When does a game stop being a game? And what would cause a young boy to commit an act of savage violence? In Time on My Hands by Giorgio Vasta, the year is 1978, and a chilling drama is unfolding in Rome. Members of a leftist terrorist group known as the Red Brigades have kidnapped the former Italian prime minister, Aldo Moro, and are holding him in a secret prison, while broadcasting their demands to the public.
Far from Rome, in Palermo, Sicily, a trio of eleven-year-old schoolboys are following Moro's abduction with intense interest. To their minds, the terrorists are warriors, striking a blow at the stifling conformity and propriety of everyday Italian life. Just like the Red Brigades, the boys give themselves code names: Nimbus, Radius, and Flight. They shave their heads, develop a secret language, and begin a life of escalating crime in worshipful imitation of their heroes. But when Moro's body is discovered in the trunk of a car, riddled with bullets, and as the stakes of the friends' games grow higher, Nimbus, the most innocent of the three, must decide just how far he is willing to go.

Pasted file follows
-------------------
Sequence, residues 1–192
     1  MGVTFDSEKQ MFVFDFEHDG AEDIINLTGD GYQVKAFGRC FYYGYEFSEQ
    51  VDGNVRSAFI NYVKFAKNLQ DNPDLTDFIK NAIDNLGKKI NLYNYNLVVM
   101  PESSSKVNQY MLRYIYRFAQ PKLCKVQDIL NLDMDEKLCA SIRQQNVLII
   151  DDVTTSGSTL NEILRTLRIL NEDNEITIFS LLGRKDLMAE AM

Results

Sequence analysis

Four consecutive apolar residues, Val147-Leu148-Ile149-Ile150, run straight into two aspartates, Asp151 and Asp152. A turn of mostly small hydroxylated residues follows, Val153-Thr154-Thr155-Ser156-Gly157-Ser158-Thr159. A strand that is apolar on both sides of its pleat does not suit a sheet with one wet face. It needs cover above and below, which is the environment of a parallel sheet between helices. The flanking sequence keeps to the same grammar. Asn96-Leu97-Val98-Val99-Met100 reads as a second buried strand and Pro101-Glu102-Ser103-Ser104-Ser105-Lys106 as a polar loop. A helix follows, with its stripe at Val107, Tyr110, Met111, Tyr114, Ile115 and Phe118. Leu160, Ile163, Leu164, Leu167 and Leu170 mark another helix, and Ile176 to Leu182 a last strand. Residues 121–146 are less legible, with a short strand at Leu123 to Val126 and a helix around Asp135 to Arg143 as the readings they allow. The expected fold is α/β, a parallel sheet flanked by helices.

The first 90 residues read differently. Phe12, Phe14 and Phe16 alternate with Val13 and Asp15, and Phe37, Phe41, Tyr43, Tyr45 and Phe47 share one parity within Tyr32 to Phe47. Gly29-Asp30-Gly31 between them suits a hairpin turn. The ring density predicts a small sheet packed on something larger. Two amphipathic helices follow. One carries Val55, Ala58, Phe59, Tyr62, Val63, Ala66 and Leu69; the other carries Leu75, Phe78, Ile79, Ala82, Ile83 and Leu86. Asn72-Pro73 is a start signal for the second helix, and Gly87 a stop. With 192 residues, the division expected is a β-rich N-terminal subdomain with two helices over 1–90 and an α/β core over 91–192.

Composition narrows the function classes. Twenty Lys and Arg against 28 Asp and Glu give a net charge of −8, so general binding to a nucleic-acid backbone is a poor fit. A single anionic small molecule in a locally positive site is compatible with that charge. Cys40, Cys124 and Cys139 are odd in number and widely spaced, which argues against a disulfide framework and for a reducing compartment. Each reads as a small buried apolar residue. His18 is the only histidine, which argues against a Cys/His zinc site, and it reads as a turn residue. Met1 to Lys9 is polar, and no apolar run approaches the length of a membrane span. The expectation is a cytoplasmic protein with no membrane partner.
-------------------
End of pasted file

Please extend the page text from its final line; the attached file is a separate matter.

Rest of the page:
Read alsoAncient Weapons in Britain
Few accounts of ancient warfare have looked at how the weapons were made and how they were actually used in combat. Logan Thompson's pioneering survey traces the evolution of weapons in Britain across 3000 years, from the Bronze Age to the Battle of Hastings in 1066. Insights gained from painstaking practical research and…